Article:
Mpls green-lights demolition of historic Wedge home [PHOTOS, VIDEO]
This 2320 Colfax Avenue South home has been the topic of controversy.
KARE 11 screengrab
On Friday, the Minneapolis City Council green-lighted a developer's plan to tear down a more than 120-year-old home at 2320 Colfax Avenue South in the Wedge and replace it with a large apartment building.
The decision was a controversial one. Last year, the City Council ruled that the rooming house, constructed in 1883 by T.P. Healy, met the definition of a historic resource. But the property owner then applied for a permit to demolish it anyway. His application was approved Friday by an 11-2 vote, with Council Members Lisa Goodman and Blong Yang voting nay.
Here's a rendering of the building developers plan to build where the Healy home now stands:
The council's vote was deeply unpopular with local resident Nicole Curtis, host of HGTV's Rehab Addict. Curtis has consistently been an outspoken critic of attempts to demolish old homes and waged a campaign to persuade the city to preserve 2320 Colfax.
-- Nicole Curtis (@NCRehabAddict) April 16, 2014
Curtis even organized a series of candlelight vigils outside the home. Here she is cutting a promo on Wedge-area Council Member Lisa Bender during one of them last week:
Curtis isn't the only one hot with Bender over her support for development. The person Bender defeated last year for her City Council seat, Meg Tuthill, sided with the preservationists:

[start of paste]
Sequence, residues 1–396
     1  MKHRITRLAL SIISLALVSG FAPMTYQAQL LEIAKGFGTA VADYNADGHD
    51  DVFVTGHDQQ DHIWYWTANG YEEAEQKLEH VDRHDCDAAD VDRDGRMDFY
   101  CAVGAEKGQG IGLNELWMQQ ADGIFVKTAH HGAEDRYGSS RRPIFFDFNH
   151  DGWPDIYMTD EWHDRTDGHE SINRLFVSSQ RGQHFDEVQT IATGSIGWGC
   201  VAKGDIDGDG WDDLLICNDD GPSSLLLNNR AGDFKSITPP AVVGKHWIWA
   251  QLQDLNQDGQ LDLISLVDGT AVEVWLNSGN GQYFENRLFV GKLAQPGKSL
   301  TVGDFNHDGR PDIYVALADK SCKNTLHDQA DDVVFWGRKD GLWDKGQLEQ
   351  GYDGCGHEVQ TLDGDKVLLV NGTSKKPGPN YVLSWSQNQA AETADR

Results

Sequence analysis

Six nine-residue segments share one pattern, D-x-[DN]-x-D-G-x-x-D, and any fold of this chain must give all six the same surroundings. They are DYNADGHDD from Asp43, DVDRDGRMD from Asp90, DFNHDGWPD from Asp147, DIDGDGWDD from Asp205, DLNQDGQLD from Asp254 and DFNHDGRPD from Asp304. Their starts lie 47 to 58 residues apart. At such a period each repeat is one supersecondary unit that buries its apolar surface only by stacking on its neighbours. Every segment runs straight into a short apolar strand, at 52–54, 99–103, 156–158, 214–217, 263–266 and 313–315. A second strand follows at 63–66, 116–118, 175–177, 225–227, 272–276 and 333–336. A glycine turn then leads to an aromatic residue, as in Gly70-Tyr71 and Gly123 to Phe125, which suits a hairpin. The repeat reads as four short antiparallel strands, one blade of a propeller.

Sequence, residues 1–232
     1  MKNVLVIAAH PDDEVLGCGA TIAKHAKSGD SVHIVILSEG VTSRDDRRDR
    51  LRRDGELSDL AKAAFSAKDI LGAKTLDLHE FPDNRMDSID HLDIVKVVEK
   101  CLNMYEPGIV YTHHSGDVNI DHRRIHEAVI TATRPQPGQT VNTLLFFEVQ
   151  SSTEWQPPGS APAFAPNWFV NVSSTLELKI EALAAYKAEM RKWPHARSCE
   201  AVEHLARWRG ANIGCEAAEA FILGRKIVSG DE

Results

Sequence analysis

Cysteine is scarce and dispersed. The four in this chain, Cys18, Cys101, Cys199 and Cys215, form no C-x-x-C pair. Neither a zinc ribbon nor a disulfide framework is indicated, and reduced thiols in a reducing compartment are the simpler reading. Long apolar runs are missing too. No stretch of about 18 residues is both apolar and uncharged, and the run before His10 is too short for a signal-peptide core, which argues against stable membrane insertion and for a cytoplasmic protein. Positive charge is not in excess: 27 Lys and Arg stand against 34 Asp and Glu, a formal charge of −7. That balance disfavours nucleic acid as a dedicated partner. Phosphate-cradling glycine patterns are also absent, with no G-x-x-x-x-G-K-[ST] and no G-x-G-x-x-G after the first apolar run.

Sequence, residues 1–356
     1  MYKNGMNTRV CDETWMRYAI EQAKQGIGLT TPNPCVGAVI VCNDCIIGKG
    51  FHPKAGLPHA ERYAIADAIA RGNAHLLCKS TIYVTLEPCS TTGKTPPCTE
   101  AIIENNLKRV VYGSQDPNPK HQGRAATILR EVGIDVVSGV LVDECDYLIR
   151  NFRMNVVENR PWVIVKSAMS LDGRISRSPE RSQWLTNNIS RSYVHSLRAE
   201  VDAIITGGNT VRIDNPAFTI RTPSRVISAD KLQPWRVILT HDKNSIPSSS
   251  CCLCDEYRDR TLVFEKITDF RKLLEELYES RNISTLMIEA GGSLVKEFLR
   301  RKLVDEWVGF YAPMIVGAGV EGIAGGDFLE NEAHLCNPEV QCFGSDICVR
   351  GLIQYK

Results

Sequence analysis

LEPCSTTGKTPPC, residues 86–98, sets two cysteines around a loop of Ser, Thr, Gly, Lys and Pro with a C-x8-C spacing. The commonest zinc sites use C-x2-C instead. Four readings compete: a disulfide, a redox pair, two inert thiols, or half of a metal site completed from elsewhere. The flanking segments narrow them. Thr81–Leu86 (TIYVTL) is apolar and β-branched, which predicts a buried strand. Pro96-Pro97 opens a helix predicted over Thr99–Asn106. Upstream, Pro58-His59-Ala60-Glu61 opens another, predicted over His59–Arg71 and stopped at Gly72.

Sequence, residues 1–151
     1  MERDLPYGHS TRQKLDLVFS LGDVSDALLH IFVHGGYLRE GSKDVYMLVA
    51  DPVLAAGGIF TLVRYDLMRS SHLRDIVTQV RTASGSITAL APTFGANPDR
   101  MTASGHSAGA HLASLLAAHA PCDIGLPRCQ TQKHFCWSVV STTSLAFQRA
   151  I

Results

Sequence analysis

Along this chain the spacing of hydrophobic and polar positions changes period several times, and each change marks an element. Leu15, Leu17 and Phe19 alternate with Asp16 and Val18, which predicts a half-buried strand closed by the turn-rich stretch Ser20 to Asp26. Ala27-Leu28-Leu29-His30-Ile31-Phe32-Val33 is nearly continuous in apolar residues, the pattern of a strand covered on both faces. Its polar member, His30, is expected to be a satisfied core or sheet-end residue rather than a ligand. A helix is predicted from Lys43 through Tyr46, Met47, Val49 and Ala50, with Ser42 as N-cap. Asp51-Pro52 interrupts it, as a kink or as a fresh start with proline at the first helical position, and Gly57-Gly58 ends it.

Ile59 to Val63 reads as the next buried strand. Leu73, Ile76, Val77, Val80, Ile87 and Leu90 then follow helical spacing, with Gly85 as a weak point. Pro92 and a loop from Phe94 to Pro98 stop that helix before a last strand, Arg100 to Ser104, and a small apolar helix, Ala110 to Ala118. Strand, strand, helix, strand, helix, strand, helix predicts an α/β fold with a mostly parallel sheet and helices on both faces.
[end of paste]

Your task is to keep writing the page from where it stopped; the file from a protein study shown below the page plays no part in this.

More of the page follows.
-- Philip Schwartz (@PhilmrPhil) April 25, 2014
And Bender's supporters were labeled "Benderifiers" (like "gentrifiers, get it?):
-- MRRSVLD (@MRRSVLD) April 25, 2014
During Friday's meeting, Yang denounced the attacks on Bender, who like him is a first-term council member.
(For more, click to page two.)
"For me, I look at this issue, and it's been played out in the public so much, especially on Facebook, and I have to say I was very disappointed in the personal attacks that happened... specifically to Council Member Bender," Yang said. "It's a judgment call."
Council Member Cam Gordon acknowledged he was conflicted about his vote, but invoked "the rights of the property owner" to justify supporting redevelopment.
"If it's not a historic resource I just feel obligated to let it go forward," he said.
That sentiment was echoed by Council Member Elizabeth Glidden.
"This is not about, the city ordered a demolition, this is about, what are the rights of the property owner who has said this is what he wishes to do with his property?" Glidden said. "A historic resource decision is not a final judgment on the historic merit of the property. That is also part of the legal framework in which we are at right now."
Bender didn't offer public comment on her vote during last Friday's meeting, and didn't respond to a text message seeking comment.
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